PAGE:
- In Pettigrew v HMRC the First Tier Tribunal has held that settlement payments made by reference to underpaid past earnings arising out of a claim of discrimination against part-time workers were fully taxable as employment income. The appellant referred to the earlier case of Mr A v Commissioners for HMRC where it was held that a settlement sum representing underpaid salary and bonuses due to racial discrimination was not taxable, a decision which HMRC did not appeal. However, the Tribunal in Pettigrew did not accept this – noting in particular that the Tribunal in Mr A were not referred to the correct legal authorities and in particular the principles in Kuehne + Nagel (that for a payment to be an emolument, employment need not be the sole cause but only sufficiently substantial) and Mairs v Haughey (that a payment will usually take its taxable character from the payment which it substitutes). Both Pettigrew and Mr A are only First Tier Tribunal decisions and so not binding, but the case is a firm indication that HMRC is now likely to seek to fully tax compensation for loss of earnings arising from discrimination during employment.
Tag: zero hours
The Taylor Review of Modern Working Practices “Good Work” was published yesterday. It considers how technology platforms have impacted working practices and the rights of workers, and examines whether our current legislative and regulatory framework is fit for purpose. The Review focuses on the importance of quality work: “fair and decent work with realistic scope for development and fulfilment” and recommends to the government certain employment and tax reforms.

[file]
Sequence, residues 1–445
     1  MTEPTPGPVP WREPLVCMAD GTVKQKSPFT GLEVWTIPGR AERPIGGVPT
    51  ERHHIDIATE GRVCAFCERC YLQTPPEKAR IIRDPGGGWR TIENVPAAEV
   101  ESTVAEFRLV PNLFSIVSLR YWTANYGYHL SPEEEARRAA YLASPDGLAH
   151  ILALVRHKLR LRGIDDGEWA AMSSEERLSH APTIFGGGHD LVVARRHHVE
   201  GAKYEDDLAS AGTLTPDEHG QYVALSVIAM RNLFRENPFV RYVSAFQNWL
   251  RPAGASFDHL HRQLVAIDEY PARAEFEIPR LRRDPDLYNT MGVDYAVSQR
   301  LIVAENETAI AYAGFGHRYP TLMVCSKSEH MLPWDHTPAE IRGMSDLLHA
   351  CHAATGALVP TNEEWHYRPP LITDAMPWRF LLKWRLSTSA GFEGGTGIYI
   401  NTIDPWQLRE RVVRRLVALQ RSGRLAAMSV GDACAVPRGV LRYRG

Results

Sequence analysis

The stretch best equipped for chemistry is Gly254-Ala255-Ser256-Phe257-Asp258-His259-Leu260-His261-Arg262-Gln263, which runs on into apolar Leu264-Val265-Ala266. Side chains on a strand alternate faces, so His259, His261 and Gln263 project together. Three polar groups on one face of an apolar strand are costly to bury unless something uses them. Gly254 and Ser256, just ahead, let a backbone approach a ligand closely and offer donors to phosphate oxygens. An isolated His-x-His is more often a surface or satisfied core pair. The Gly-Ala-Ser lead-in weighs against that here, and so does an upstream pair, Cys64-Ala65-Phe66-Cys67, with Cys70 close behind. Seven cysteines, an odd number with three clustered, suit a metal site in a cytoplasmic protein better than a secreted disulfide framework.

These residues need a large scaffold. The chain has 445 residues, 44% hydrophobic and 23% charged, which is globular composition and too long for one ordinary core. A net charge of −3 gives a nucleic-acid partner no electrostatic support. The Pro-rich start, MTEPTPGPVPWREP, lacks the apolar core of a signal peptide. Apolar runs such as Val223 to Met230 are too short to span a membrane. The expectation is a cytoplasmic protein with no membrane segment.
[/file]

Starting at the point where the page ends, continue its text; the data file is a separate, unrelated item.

The main parties' manifestos for the general election all contained numerous proposed employment law reforms, the Conservatives promising "the greatest expansion in workers' rights by any Conservative government in history" while Labour included a 20 point "plan for security and equality at work" proposing radical changes to the rights of individuals and strengthening the position of unions. The political uncertainty resulting from the outcome of the election means that it is now unclear which, if any, of these proposals will see the light of day. However, it may be helpful to those planning HR strategy to note the key areas featuring in all the main party manifestos, as these can perhaps be seen as the most likely to see change at some point. They include:
A revised, final version of the non-statutory guidance by Acas and the Government Equalities Office was published on 3 April 2017, available here. Although the GEO had indicated that no substantive changes were expected to the original draft published a few days before formal approval of the final regulations, in fact there are a few significant changes helpfully addressing some of the grey areas highlighted by commentators. Employers currently preparing for the first data capture covering the pay reference period including 5 April 2017 should review the guidance urgently.
We recently reported on the tribunal ruling that Uber drivers were 'workers' entitled to statutory rights such as holiday and minimum wage (see here). That ruling is being appealed, but in the meantime there have been further decisions along similar lines. Although the cases are fact-sensitive, the trend highlights the need for employers using workers on a self-employed basis to review their arrangements and consider whether their employment model can be tweaked to minimise the risk.